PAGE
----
The ceremony was held on November 29th, 1798. The Knights, wearing black robes and hats with white feathers, gathered in the throne hall of the Winter Palace. Historian Evgeny Karnovich wrote: “Litta, on behalf of the Maltese knighthood, asked the tsar to assume the title of Grand Master. After that, Prince Kurakin and Count Kutaisov threw a black velvet mantle lined with ermine over the emperor's shoulders, and Litta, kneeling, presented him with the crown of the Grand Master, which the emperor put on his head. Litta then presented him with a sword - or ‘dagger of faith’. Accepting the regalia of the new power, the Emperor was greatly excited, and those present noticed that tears of pleasure appeared in his eyes. Having drawn the sword of the Grand Master, he crossed himself with it, giving this sign an oath of observance of the order's statutes. At the same moment, all the knights drew their swords and shook them in the air, as if threatening the enemies of the order.”

What’s more, the title of Grand Master was included in the official title of the Russian Emperor, and the Maltese Cross was installed into the Russian Empire’s emblem. For most Russians, this all was an enigma. Why would an Orthodox tsar preside over an ancient Catholic order? Nobody really knew. Meanwhile, Paul apparently was dreaming about uniting all the Christian powers of Europe under his leadership against revolutionary France and Napoleon personally. The Order of Saint John of Jerusalem became included in the Russian system of orders, and being decorated with it became a sign of special recognition from Paul of Russia.

However, Paul became the Grand Master only de facto. He was never listed among the official Grand Masters of the Order, and his time as such was unfortunately very short.

Double betrayal


As Paul became the Order’s Grand Master, he immediately considered Malta Russian territory – even though it was still controlled by the French garrison and blocked from the sea by the English fleet. Could the Emperor really be so naive? Probably not, because he was actually planning a military campaign along with Francis II, Holy Roman Emperor, and at the same time, the Emperor of Austria. Francis II was also a former protector of the Knights of Malta, and on his behalf, recognizing Paul’s status as the Grand Master, sent him a unique relic – the right hand of John the Baptist, the hand that allegedly baptized Jesus Christ in the waters of the Jordan River. The hand still exists and is now stored in Montenegro’s Cetinje Monastery.

St John the Baptist's right hand in a monastery in Montenegro.

In 1799, Russia and Austria jointly started the war against Napoleon in Italy. Alexander Suvorov, the invincible Russian war commander, was sent by Paul I to Europe to command the Russian army. However, notwithstanding the heroic exploits of Suvorov’s soldiers, Russia was betrayed. After the excruciating crossing of the Alps, Suvorov found himself in Switzerland, abandoned by his Austrian allies. Enraged again, Paul wrote to Francis II that he retracts his military support. Russia was ready to quit the anti-Napoleonic coalition, when in September 1800, the final blow was struck – England captured Malta.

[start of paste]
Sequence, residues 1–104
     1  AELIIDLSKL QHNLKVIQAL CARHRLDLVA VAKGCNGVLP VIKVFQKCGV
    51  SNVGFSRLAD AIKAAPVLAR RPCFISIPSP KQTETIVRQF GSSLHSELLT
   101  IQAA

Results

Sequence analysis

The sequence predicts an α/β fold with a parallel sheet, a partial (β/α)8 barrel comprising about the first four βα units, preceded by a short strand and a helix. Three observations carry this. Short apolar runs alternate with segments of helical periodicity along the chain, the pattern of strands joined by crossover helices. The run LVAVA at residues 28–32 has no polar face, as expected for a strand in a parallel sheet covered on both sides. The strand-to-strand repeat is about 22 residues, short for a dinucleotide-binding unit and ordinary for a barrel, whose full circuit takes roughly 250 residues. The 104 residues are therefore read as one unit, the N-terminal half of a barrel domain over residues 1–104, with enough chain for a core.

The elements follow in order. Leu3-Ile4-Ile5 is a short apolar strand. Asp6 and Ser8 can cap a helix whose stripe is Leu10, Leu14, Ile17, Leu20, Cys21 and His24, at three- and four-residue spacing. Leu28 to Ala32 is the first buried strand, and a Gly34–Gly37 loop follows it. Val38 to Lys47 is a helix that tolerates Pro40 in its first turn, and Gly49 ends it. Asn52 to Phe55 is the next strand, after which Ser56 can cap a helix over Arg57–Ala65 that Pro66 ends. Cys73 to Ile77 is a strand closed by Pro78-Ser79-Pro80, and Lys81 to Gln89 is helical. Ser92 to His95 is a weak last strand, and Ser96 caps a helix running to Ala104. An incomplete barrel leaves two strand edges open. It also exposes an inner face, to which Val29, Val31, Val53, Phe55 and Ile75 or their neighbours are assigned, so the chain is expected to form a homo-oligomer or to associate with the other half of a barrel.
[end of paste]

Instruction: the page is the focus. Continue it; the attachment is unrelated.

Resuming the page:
The Vorontsov (Maltese) palace in St. Petersburg, the one that Paul I gave to the Maltese Knights.

On September 4th, 1800, Admiral Nelson took Malta without any real effort – the French garrison was already starving for months because of the English blockade from the sea. Moreover, Horatio Nelson had the guts to send Paul his sword – a gesture of humiliation for the Russian Emperor. This made Paul totally mad. He immediately broke all diplomatic relations with England and posed an embargo on over 200 English ships that were at the moment stationed in the Russian ports.

Eventually, Paul’s position as the Grand Master of the Maltese Order, and his wish to control Malta as a stronghold in the Mediterranean brought Russia only troubles. Turning away from England, Paul turned to his yesterday’s enemy, Napoleon Bonaparte, suggesting that Russia and France team up against England. Napoleon was eager to do so, and offered Paul a plan of conquering British India. The plan was already underway, when British intelligence successfully assisted in the murder of Paul I.

The Maltese Chapel in St. Petersburg

Alexander I, Paul’s son and the next Emperor, wasn’t eager to support the Knights of Malta. He didn’t take on the status of the Order’s Grand Master, but remained its protector for two more years, until 1803. The Maltese cross was removed from the Russian Empire’s emblem, and in 1817, the Order of Saint John of Jerusalem was removed from the list of Russian orders. In the end, Paul’s dreams of knighthood and knightly honor crashed against the harsh reality of European relations.